• Back X-rays – detect fractures in the spine.
  • Computed tomography (CT) scans – look for more minor fractures if X-rays are not clear.
  • Bone scans – show increased bone activity at the site of the spondylolysis often used in children and young adults.
  • Lumbar magnetic resonance imaging (MRI) scans – evaluate leg pain and identify possible areas of stenosis, a condition characterized by the narrowing of the space around the spinal nerves.

What Are the Treatments of Spondylolysis?

Spondylolysis treatment aims to reduce pain, allow a recent pars fracture to heal, decrease spasms and restore spinal flexibility. Most spondylolysis improves with noninvasive treatments when caught early.

If your doctor suspects you have spondylolysis, you may be asked to follow a treatment plan that may include:

  • Anti-inflammatory drugs to help ease pain and swelling.
  • Physical therapy.
  • Bracing.
  • Trunal core muscle strengthening (pilates or yoga) that does not strain the lower back.
  • Rest, which includes taking a break from sports and other strenuous activities.

Most patients with mild spondylolysis feel better three months after undergoing nonsurgical treatments. However, surgery can treat the symptoms if the condition leads to chronic back pain and loss of flexibility.

Surgical procedures to help treat chronic pain, spasm or slippage despite conservative treatments include:

  • Spinal fusion – an option if noninvasive treatments fail to treat symptoms due to severe or high-grade slippage, progressively worsening slippage and chronic back pain that does not go away even after nonsurgical treatment. The goals of spinal fusion are to prevent further slip progression, stabilize the spine and alleviate significant back pain by fusing the affected vertebrae so that they heal into a single, solid bone.
  • Pars repair – a procedure that removes and stabilizes rigid or problematic bones to restore flexibility. Doctors recommend this procedure if there is spondylolisthesis (disc slippage) or moderate or severe disc degeneration at a vertebra level.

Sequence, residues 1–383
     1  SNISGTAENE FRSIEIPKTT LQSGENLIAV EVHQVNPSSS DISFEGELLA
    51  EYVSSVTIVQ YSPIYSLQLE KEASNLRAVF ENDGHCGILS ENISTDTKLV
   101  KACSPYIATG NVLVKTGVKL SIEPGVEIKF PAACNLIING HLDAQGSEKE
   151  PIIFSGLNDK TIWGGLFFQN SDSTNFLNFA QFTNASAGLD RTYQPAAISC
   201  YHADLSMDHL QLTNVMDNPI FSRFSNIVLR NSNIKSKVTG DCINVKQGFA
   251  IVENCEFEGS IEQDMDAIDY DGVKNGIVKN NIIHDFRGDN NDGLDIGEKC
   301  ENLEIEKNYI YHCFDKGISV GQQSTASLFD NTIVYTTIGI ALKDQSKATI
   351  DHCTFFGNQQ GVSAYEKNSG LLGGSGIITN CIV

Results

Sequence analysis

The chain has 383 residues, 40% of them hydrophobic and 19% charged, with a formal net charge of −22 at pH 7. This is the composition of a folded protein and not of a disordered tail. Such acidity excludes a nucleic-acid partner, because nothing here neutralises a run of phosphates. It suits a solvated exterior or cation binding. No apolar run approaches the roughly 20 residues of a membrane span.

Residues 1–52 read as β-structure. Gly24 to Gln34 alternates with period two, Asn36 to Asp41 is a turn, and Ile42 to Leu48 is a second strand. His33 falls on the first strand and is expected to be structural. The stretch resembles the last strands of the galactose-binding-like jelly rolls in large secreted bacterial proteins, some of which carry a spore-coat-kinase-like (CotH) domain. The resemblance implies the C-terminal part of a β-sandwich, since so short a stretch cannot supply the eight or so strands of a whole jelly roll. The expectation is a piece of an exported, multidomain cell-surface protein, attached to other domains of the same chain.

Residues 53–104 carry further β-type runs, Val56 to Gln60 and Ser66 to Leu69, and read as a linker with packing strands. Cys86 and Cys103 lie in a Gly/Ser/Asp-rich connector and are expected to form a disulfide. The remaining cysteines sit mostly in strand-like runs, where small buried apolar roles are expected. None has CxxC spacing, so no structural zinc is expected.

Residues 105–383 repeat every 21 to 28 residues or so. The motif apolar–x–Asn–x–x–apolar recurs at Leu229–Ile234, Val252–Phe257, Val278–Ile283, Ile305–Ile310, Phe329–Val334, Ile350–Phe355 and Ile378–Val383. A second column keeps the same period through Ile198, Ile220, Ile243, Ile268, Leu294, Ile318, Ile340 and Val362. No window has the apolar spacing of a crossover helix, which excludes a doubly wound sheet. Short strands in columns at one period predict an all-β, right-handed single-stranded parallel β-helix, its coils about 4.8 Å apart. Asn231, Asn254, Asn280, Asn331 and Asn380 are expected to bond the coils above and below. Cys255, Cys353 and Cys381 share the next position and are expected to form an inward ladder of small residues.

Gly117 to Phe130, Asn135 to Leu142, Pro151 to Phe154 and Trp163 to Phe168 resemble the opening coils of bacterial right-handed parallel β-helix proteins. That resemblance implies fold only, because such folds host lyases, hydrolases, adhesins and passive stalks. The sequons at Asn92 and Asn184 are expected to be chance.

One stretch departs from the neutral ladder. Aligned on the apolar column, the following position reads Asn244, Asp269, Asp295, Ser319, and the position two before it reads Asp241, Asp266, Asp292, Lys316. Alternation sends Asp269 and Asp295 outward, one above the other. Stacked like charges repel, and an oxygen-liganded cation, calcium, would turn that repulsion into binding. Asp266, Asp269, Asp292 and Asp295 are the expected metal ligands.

Following proper techniques and sports safety measures are essential after getting a spondylolysis diagnosis. Although spondylolysis is hard to prevent, young athletes and people who are vulnerable to this condition can help lower their risk by:

  • Limiting time spent on sports that involve repeated stress on the lower back.
  • Getting enough rest and recovering after physical activities.
  • Keeping core muscles strong.
  • Warming up properly before engaging in any sport or exercise.
  • Stretching regularly.
  • Using safety equipment correctly.
  • Following the rules and techniques for their sport or activity.
  • Maintaining a healthy weight.

If you have spondylolysis symptoms, consult your doctor to help you understand your condition. Please don't delay care. We're here for you, always.

We’ve Got Your Back

You don’t have to bear the burden of pain alone. Our providers are here to listen to you and provide compassionate care. Whether you’re suffering from neck pain, an injury or any other orthopedic condition affecting your spine, Nacogdoches Medical Partners is here to help. We provide spine care services from diagnosis to treatment and rehabilitation. Early treatment may help relieve your symptoms and prevent your condition from worsening. Call 888-421-9679 or click the button below to schedule an appointment.